Rebecca Crawford, Ph.D., professor of chemistry and biochemistry, has retired after 29 years teaching a broad range of chemistry classes, from biochemistry to physical chemistry, at Loyola Marymount University’s Frank R. Seaver College of Science and Engineering. The Los Angeles native now plans to spend more time with family members who live in the area and travel, starting with a trip this fall to enjoy the autumn colors of New England.
“The idea of wanting to travel made this the right time to retire,” she says. “I’ve put it off for a long time.”
Crawford earned a bachelor’s degree in physics and a minor in biology from UCLA. She attended graduate school at USC where she earned a Ph.D. in pharmacology. The multi-disciplinary emphasis of the USC graduate program prepared her well for a career in academia and teaching a variety of science courses, she says.
“I kind of see myself as a generalist,” she says. “In the pharmacology program, all of the professors were chemists and all the research problems were biochemistry. The faculty figured we were supposed to be competent in all of them. That opened a lot of doors for me.”
Crawford taught for three years at Cal State San Bernardino before being hired in the Chemistry Department at LMU. One of her first tasks was to launch a biochemistry program. Crawford obtained a National Science Foundation grant and visited other college biochemistry programs to create the program at LMU. She taught many of the courses and later helped develop and teach the advanced biochemistry electives. “Biochemistry is very hot right now,” she says. “It’s interdisciplinary.”
Crawford went on to develop other courses, including medicinal chemistry, food chemistry and toxicology. She spent the years from 1995 through 2002 analyzing the scientific literature on dietary factors that influence iron absorption.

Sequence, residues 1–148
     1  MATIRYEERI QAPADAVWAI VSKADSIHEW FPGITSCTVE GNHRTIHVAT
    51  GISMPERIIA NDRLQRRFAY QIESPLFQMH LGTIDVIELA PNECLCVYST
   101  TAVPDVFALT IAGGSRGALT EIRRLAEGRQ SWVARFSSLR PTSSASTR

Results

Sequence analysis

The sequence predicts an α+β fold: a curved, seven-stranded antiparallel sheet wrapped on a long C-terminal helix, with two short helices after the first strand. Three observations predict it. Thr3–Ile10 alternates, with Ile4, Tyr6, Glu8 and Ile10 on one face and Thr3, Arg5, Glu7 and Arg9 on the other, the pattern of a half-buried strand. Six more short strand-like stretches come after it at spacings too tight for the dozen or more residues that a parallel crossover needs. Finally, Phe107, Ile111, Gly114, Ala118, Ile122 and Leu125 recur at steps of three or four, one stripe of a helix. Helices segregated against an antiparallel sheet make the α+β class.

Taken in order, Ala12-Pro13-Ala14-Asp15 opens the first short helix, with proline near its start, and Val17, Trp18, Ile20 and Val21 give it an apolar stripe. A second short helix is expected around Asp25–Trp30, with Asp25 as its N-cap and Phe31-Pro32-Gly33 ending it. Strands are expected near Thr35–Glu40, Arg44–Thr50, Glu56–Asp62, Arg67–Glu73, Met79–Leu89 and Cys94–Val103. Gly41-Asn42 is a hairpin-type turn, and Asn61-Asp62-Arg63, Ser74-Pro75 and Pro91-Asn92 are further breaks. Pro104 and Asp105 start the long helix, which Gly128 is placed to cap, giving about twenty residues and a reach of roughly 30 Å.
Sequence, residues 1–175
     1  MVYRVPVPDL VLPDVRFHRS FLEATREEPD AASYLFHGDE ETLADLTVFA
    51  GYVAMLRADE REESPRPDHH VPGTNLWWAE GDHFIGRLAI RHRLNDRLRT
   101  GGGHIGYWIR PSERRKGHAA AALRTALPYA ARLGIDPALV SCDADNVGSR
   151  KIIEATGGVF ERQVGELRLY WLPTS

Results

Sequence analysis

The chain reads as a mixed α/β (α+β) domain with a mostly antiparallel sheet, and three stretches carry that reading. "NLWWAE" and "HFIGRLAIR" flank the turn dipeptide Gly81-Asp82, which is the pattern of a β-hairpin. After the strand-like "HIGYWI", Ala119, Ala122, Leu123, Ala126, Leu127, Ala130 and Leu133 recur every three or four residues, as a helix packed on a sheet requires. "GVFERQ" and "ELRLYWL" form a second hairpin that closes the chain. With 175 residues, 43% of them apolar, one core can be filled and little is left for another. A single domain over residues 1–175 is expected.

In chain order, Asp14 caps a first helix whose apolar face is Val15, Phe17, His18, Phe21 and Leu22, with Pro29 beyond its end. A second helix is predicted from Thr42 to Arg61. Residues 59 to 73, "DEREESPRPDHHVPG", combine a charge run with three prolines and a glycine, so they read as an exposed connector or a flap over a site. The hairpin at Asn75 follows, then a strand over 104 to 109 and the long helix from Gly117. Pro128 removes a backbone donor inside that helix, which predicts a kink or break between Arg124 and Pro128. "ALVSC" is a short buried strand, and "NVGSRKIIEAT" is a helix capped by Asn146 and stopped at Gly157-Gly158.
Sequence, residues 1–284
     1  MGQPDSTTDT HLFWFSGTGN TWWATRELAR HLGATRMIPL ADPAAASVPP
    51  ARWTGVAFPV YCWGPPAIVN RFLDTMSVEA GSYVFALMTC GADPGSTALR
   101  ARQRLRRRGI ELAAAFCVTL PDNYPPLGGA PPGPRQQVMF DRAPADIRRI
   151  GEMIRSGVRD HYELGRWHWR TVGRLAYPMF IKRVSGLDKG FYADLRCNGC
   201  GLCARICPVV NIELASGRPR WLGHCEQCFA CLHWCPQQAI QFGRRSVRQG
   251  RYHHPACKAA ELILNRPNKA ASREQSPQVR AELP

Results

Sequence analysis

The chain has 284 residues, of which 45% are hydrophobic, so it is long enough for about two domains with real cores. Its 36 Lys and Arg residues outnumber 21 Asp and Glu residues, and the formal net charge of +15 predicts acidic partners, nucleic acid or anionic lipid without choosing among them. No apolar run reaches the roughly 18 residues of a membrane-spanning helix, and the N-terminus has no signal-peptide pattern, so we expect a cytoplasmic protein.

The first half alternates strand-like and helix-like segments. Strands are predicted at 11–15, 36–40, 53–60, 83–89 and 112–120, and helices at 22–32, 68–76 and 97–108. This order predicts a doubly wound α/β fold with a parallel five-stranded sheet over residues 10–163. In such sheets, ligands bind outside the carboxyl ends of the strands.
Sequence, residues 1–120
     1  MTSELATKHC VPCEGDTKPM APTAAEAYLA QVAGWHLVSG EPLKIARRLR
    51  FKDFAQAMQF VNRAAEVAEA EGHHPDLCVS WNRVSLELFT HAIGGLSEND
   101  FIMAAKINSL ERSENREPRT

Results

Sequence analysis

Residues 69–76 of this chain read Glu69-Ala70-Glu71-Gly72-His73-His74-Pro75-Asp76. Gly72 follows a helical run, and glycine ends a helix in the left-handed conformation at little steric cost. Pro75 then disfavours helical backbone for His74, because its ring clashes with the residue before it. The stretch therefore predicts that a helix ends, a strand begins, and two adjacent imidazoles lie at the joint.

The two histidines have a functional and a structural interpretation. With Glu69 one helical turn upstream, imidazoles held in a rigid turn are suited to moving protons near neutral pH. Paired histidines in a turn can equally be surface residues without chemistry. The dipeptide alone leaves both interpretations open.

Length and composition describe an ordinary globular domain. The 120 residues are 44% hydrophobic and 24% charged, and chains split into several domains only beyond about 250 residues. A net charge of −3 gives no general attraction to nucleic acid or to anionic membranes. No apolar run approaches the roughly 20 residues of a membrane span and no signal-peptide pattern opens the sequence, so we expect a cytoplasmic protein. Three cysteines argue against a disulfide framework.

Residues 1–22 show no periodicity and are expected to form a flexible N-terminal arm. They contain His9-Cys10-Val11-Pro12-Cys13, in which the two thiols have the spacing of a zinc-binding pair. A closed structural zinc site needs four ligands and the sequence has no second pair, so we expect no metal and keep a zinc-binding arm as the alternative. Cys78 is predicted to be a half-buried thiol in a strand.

She may be best known, however, for designing “Biochemistry Jeopardy,” a game she has orchestrated each year since 1990 on Study Day. She brings cheesecake to class and students get extra credit for attending.
“LMU has been a really good place to teach because they are open to new ideas, and my department has allowed me to explore different things,” she says.
The value of an LMU education, she adds, is that students, too, are encouraged to explore: by studying abroad, engaging in non-academic activities and working with professors on research projects.
“I went to UCLA as an undergrad. There were huge classes, and I never really accessed the faculty all that much,” she explains. “At LMU, the faculty are not just accessible but hope the students will come and ask questions and explore topics outside of class.”
In retirement, Crawford will continue to feed her scientific curiosity as the organizer of an LA-area, nonfiction science book club. But she says she’ll miss teaching.
“I just really enjoy sharing the interesting things I learn about,” she says. “Another thing I’ve enjoyed about teaching is when a student is confused and you explain it and they get it, and you can see it in their faces.”